Pratylenchus coffeae

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Pratylenchus coffeae (click on image to enlarge it)
Author: USDA ARS
Source: Wikimedia Commons

Pratylenchus coffeae (Zimmermann, 1898)

This root lesion nematode is found in tropical and subtropical regions. It can spread with planting material, explaining its world-wide distribution. The nematode infests a large variety of crops such as coffee, banana, sugarcane and many others. It is often found together with other plant-parasitic nematodes like Radopholus similis.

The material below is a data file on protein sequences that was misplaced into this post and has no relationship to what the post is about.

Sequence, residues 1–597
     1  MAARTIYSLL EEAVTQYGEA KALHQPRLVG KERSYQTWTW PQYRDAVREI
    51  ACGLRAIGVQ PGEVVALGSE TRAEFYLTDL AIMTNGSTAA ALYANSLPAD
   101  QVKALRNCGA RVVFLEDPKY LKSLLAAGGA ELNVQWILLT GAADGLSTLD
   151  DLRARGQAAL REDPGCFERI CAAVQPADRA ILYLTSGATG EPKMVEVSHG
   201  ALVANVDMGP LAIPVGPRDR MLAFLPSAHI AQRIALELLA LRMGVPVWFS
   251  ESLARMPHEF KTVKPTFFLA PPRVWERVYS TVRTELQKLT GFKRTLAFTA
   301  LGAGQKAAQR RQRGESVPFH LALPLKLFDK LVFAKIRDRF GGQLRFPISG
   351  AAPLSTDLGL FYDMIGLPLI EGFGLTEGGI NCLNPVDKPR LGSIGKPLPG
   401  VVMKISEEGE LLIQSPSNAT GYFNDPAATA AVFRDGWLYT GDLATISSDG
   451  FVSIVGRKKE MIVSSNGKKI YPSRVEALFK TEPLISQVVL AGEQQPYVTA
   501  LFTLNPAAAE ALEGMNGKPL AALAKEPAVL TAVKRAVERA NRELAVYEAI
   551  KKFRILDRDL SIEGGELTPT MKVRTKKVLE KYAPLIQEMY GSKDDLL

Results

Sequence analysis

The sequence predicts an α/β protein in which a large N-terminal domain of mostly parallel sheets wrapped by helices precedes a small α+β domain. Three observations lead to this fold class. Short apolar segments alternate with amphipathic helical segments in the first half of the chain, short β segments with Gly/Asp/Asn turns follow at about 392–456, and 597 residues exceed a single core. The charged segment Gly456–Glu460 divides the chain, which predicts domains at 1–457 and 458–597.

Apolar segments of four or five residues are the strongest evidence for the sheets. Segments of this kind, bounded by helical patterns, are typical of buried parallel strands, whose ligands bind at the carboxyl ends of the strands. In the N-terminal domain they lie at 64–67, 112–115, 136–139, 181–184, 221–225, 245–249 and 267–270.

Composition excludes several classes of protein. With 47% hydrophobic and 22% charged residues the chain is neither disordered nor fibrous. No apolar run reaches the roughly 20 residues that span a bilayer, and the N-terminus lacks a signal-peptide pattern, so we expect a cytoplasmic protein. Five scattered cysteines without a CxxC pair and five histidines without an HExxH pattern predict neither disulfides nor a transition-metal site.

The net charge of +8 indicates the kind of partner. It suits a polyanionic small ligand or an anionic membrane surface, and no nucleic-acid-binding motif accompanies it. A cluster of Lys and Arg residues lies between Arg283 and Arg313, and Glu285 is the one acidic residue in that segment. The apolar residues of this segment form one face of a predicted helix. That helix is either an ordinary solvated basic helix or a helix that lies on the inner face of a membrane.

P. coffeae is a migratory endoparasite and all stages feed on roots or the corm of bananas. The cells of the root cortex are punctured and the nematode injects saliva to help the extraction of the cell content. The damage results in elongated, reddish-brown to black root lesions and breaking of the roots. In the adult stage, egg production lasts for around 3-4 weeks.

In West Africa, a population has been found to be particularly damaging to banana. This population was subsequently described as a separate species, Pratylenchus speijeri De Luca et al., 2012. Both species are very similar morphologically, but can be separated by their rRNA structure.